The hidden costs of carrying too much inventory


Although it sounds obvious, carrying too much inventory can be expensive. Really expensive. Not just in hard costs but also opportunity costs, especially for young companies. 

At Kickpay we see many companies fall into this trap so we wanted to put together a post to highlight why companies purchase too much inventory and the negative consequences of doing so with some real world examples.

Why companies need extra inventory

The principle behind purchasing extra inventory is built on a solid foundation. Companies shouldn’t run out of stock, ever. It’s bad for multiple reasons:

Lost revenue:

If you are out of stock, many of the sales you would have made have been lost since clients 1) can’t purchase it or 2) are unwilling to purchase and wait for inventory to arrive back in stock. 

Poor customer experience:

Amazon Prime means there are now a huge amount of consumers (over 100M) who expect purchases to be delivered within 2 days or less. If you can’t hit that goal due to inventory shortages it will be a black mark for customer service.

It’s clear that running out of stock is a position every company wants to avoid, but there is a stark difference between having a reasonable amount of buffer stock and having so much extra it has a negative impact on the company.

When extra inventory is too much inventory

There are a few main reasons why companies go from having a reasonable amount of excess buffer stock to protect against out of stock situations to having so much inventory it is impactful to the business:

Unrealistic expectations:

This is the most common cause. With earlier stage companies (<$10M in annual revenue) the final purchasing decision often comes down to the company founders, who, by definition, are extremely optimistic (it takes a special kind of optimism to start a company). This can mean they often rely on the most positive sales expectations for marketing and sales channels.

Minimum Order Quantities (MOQs):

Manufacturers often have a requirement on the minimum number of units that need to be ordered. There isn’t a huge amount the company making the purchase can do about this (outside of finding a new supplier). Generally this is only applicable to very early companies since after the first few production runs, orders will be higher than the MOQ. Apparel and footwear companies can be the exception here since every size and color variant may be subject to their own MOQs.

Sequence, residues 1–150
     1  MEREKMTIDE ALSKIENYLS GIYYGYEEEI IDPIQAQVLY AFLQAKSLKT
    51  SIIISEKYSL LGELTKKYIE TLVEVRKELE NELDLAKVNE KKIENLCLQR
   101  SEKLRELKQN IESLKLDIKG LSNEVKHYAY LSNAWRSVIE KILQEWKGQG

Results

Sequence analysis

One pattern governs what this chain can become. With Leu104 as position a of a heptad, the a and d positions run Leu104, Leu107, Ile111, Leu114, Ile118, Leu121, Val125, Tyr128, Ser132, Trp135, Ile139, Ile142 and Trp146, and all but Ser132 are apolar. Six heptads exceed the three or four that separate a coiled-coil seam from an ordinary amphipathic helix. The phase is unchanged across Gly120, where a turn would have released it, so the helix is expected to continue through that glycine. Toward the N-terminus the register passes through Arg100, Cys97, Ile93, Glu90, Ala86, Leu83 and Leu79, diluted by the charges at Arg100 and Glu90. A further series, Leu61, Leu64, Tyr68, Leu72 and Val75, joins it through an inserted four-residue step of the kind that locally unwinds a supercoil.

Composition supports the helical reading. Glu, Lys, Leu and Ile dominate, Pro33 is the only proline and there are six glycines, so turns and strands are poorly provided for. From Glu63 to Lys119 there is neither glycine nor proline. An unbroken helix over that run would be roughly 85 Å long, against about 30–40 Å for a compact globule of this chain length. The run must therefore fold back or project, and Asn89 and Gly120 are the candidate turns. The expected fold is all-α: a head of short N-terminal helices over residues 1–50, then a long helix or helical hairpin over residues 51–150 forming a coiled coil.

Sales deals that break down:

Buying inventory with the expectation that a large sales deal (perhaps with a retailer) will close only for the deal to fall apart will leave you with excess inventory. This is rare due to the growth of Direct to Consumer sales channels; companies now rely less on retail distribution. The companies that do rely on these channels will generally have the deal closed before purchasing the inventory.

At this point let’s show an example of a client that bought too much inventory.

The client wanted to buy 4 months of inventory leading into their busy season, including some buffer units to ensure they didn’t go out of stock (smart move) but they ended up buying 3x too much. 

They purchased $420,000 worth of inventory (COGS). Of that, they only sold $140,000 worth of COGS during the 4 month period. It took a total of 8 months to sell the entire amount.

In figure 1 you can see the value of inventory they had in stock (blue line) vs the value of inventory they would have needed to cover 4 months of sales (red line).

Figure 1.
The inventory value held in stock by a client who expected the inventory to be sold in 4 months. The blue line shows the inventory value over time. The red line highlights the actual inventory value needed to cover 4 months of sales.

The $280,000 worth of excess inventory is capital that could have been invested in other aspects of the business. We’ll explore where that money could have been better spent below.

How excess inventory impacts your business